The idea of an “online ambassador” program is simple - find supporters who use social media, send them content to share on your behalf, and voila! …you have yourself an acquisition-driving, retention-boosting, peer-to-peer program.
Well, if I’ve learned anything since launching my first online ambassador program in 2011 with Florida State University, ambassador programs are anything but “simple.” Finding the right ambassadors, incentivizing social media sharing activity, building touch points beyond a giving day … myriad complications make ambassador programs great in theory, but tough in practice.
But there is a formula for ambassador success. Two specific concepts or tactics are showing real promise in the ongoing pursuit of long-term and sustainable ambassador programs:
Look inside yourself - build your internal ambassador program first
Produce content for ambassadors that features those ambassadors
Internal brand ambassador programs
In The Most Powerful Brand on Earth, authors Susan Emerick and Chris Boudreaux explain how IBM’s internal brand ambassador program outperformed ALL other marketing channels by a factor of 7x. Several other studies have shown that rank-and-file employees are some of the most trusted voices when it comes to advertising and communications.
So we know your staff, faculty, program administrators, doctors, etc. can be effective advocates online and via social media for your mission. Another benefit to building an ambassador program with your internal team? They are a captive audience. You are guaranteed near 100 percent participation when you hold internal ambassador workshops, trainings, and happy hours. Even more importantly, when you send a request to share news and fundraising solicitations, your rate of sharing with internal ambassadors will almost certainly far exceed any external groups (because it’s viewed as part of the job with internal groups).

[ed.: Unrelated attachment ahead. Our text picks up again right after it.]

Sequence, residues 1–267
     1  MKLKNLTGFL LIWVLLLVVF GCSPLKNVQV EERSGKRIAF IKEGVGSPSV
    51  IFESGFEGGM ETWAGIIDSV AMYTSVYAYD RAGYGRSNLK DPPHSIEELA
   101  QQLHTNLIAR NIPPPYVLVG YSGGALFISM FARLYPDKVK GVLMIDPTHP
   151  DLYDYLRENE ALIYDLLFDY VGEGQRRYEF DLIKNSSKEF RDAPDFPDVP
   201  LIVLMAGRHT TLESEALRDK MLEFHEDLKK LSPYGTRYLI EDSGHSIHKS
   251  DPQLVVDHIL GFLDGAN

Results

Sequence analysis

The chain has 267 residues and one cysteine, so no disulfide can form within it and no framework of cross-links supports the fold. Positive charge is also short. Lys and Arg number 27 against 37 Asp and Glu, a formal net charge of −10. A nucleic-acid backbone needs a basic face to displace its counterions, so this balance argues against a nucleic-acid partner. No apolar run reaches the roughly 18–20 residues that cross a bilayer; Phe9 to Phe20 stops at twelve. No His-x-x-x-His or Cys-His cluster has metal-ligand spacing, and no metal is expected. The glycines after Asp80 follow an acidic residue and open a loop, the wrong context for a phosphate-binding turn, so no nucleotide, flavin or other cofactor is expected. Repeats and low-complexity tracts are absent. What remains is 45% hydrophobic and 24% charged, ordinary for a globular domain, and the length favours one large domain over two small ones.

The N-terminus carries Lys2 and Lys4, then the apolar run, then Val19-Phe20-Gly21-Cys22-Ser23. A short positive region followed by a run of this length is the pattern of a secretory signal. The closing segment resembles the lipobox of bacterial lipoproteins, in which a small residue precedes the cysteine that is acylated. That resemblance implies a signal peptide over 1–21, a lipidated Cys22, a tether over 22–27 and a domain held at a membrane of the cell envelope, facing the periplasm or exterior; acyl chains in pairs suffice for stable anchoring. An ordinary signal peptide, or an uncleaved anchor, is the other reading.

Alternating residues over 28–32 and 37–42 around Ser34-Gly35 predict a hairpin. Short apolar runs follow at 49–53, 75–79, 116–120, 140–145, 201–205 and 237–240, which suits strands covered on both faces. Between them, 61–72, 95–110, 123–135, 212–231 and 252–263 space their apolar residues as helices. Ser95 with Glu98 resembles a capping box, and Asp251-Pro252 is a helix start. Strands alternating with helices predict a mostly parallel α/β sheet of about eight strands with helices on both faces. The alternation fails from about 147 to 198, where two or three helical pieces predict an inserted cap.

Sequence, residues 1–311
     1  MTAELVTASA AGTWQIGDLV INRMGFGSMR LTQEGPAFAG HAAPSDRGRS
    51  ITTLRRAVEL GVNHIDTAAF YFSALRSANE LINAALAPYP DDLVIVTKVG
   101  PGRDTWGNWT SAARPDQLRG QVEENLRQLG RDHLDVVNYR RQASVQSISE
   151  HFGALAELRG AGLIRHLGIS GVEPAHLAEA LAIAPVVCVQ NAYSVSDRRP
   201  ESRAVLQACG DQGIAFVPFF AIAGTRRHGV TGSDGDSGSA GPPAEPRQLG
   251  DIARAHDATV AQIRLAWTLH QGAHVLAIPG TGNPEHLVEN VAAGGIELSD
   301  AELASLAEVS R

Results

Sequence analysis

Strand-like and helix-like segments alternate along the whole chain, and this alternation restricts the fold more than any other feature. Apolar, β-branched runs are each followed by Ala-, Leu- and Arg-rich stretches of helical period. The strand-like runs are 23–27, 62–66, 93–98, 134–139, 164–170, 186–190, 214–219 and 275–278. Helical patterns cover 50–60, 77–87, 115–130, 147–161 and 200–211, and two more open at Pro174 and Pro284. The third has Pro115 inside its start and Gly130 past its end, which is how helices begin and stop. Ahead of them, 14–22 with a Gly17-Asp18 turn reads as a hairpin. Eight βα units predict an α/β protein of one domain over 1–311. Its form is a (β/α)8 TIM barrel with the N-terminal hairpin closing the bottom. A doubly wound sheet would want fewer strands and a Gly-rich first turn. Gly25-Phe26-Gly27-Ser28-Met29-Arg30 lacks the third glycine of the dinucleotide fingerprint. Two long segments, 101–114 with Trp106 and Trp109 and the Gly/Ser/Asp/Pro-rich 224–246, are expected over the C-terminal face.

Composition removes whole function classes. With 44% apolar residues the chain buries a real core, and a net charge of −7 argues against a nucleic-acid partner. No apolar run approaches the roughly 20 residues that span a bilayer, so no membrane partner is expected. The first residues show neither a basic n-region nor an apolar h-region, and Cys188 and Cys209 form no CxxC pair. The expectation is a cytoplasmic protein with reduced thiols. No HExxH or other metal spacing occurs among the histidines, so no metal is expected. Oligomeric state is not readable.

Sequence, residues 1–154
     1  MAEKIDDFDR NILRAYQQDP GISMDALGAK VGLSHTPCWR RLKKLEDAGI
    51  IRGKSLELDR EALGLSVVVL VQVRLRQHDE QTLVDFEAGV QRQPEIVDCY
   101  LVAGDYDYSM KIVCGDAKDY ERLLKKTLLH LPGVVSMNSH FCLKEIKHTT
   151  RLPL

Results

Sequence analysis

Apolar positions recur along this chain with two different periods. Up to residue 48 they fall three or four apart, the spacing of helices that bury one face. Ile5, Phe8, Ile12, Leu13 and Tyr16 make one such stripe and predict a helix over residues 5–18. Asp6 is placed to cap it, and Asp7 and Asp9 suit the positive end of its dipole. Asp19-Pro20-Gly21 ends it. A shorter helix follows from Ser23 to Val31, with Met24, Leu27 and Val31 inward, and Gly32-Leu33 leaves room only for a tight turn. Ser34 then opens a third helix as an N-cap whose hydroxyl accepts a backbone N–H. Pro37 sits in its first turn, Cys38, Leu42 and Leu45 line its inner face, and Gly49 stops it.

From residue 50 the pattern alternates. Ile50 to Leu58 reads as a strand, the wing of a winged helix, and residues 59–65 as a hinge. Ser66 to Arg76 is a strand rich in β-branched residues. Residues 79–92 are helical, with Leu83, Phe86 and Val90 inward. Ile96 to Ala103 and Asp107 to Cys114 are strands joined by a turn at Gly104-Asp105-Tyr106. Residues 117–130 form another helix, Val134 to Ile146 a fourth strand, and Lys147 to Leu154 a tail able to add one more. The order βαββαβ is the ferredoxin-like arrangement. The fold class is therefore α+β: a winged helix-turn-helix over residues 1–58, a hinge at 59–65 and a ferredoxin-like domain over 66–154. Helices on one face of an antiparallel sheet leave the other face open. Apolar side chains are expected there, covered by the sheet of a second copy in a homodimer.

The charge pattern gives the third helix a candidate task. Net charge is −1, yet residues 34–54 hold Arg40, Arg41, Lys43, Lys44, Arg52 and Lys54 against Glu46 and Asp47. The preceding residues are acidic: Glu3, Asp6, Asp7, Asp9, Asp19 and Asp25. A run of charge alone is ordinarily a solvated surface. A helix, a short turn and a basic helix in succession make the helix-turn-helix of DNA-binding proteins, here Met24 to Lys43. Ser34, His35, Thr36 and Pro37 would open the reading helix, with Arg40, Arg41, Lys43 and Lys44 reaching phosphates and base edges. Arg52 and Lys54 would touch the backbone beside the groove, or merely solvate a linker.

Making ambassadors the stars of their own show
Content really is everything. In a recent Abila Donor Loyalty survey, 72 percent of respondents said “poor, vague, or irrelevant” content was the reason why they stopped giving.
So yeah, we’re not kidding when we say “content reigns supreme.”
Of course, asking ambassadors to produce their own content - regardless of whether they are internal or external ambassadors - is often an exercise in futility. It’s one thing to share a Facebook post. It’s another thing to produce a photo gallery or video on behalf of the organization you support. This is true of both internal and external ambassadors.
To solve this problem, Groundwork Digital is launching “Student Content Teams” with our higher education partners. With Student Content Teams, we are hiring about a half dozen students who fit the ambassador profile and have the on-camera charisma to become social media stars. Then, we work with the students to fill a strategically-aligned content calendar with video that is produced in the students’ voice, while reinforcing development and advancement priorities. This way, we are ensuring the necessary volume of content, while maintaining the authentic voice of students. And giving student ambassadors (and all ambassadors) engaging content to share online.
The ancillary benefit to the “Student Content Team” is the power of creating recognizable names with a small group of students. We know, beyond any doubt, that recognizable names lead to higher email open and conversion rates. With the SCT, we are creating those known names that can be used to communicate with donors throughout the year via email and text message, as well as through social media.
Think of it as a modern version of the phone program. Instead of connecting donors with students over the phone, we make those same connections online, in a more personalized way.
And this is not a concept confined to the world of education. Volunteers and staff, doctors and nurses, program administrators - anyone with on-camera charisma and social media reach can be an effective content team member for a nonprofit organization.
Peer-to-peer is more critical than ever before. It’s also more complicated to effectively deploy. We hope the above recommendations help you launch or grow an online ambassador program in the near future.
Do you still feel like you could use some help growing an ambassador program? Groundwork Digital is here for you. Click the button below and fill out the SUPER short form to ask for a free phone consultation.